Now I struggle with showing excitement and need to show it more when he does something positive. A trait learned from my dad when I was a kid. Men weren’t supposed to show emotions, and as boys, we were men-in-training. As a result, I never wanted to feel disappointed by not seeing my dad excited at my achievements. I’ve been working on it though hence the high fives, which I dish out on the rarest of occasions. Celeste is fantastic at it though.
His response caught me off guard, I expected him to go “Okay Dada,” or “I’ll do that next time Dada.” Instead, he hung his head down and said, “Sorry, Dada.” My heart melted. Was it my tone? Was it that I only used his full name when I was telling him off? Was it that he felt disappointed? That feeling of disappointment took me back to my childhood. Trying to win approval from my dad and get a pat on the back, only to be told to work harder next time.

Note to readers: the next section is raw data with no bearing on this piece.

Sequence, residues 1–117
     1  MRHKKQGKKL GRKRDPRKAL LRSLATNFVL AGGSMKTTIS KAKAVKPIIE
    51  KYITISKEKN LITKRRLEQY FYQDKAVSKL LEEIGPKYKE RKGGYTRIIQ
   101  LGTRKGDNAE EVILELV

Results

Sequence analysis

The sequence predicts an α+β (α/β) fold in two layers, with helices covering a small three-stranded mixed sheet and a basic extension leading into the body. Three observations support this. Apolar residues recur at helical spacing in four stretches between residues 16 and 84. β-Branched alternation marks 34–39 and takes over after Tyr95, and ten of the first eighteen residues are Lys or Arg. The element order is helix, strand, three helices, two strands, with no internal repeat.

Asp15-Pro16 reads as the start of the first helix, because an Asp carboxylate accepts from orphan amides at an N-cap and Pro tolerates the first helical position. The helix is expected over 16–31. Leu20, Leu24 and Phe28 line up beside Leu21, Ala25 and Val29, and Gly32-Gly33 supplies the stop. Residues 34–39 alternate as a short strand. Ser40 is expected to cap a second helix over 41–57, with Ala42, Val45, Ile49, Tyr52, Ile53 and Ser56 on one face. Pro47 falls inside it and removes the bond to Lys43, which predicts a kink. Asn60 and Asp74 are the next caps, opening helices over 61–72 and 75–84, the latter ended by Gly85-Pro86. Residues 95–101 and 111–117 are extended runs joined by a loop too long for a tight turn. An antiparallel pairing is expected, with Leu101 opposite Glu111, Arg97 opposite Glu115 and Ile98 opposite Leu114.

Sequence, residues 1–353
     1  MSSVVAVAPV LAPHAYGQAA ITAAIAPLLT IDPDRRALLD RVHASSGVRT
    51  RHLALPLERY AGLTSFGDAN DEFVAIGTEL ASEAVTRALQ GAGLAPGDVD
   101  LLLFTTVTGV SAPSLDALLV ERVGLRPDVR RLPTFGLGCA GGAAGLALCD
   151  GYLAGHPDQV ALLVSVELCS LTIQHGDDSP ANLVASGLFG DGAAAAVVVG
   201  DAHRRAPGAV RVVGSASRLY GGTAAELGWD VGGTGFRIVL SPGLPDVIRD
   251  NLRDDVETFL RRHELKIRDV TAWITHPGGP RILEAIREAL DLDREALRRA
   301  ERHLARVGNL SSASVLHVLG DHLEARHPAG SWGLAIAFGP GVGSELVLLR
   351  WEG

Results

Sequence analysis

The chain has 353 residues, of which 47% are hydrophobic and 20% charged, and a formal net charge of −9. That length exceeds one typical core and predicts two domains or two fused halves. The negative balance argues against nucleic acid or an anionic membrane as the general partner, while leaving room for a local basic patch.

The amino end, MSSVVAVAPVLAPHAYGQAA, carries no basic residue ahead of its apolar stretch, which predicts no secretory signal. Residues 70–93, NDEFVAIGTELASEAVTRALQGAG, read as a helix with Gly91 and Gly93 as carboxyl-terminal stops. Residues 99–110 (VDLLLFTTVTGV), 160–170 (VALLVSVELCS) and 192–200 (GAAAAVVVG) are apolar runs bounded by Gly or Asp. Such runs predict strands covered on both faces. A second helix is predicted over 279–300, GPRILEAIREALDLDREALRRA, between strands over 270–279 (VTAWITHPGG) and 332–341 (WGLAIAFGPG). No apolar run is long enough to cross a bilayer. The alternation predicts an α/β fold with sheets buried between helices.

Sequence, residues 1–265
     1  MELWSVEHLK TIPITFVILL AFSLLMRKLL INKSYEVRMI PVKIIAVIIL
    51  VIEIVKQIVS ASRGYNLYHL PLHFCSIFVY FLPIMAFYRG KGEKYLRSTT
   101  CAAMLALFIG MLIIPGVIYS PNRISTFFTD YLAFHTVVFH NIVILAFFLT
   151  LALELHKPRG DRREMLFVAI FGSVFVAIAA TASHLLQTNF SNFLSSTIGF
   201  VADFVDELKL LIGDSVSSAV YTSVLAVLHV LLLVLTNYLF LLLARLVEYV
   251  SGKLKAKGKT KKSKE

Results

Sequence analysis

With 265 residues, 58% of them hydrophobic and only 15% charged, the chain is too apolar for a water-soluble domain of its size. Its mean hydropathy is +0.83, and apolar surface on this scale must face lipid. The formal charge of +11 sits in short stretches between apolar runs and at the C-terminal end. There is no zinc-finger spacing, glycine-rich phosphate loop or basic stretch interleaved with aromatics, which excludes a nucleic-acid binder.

I felt bad. I had always told myself I would celebrate even the smallest of victories with Zach. I had let the team down with this one. “No, I’m sorry, Zachy. Should we go get an ice-cream on the excellent listening you did?” “No, thank you, Daddy.” “Some Chocolate instead?” “No thanks.” “What would you like then?” I knew I was compensating at this point. I suppose I wanted to tell him that daddies can make mistakes too, and I was happy to make it up to him.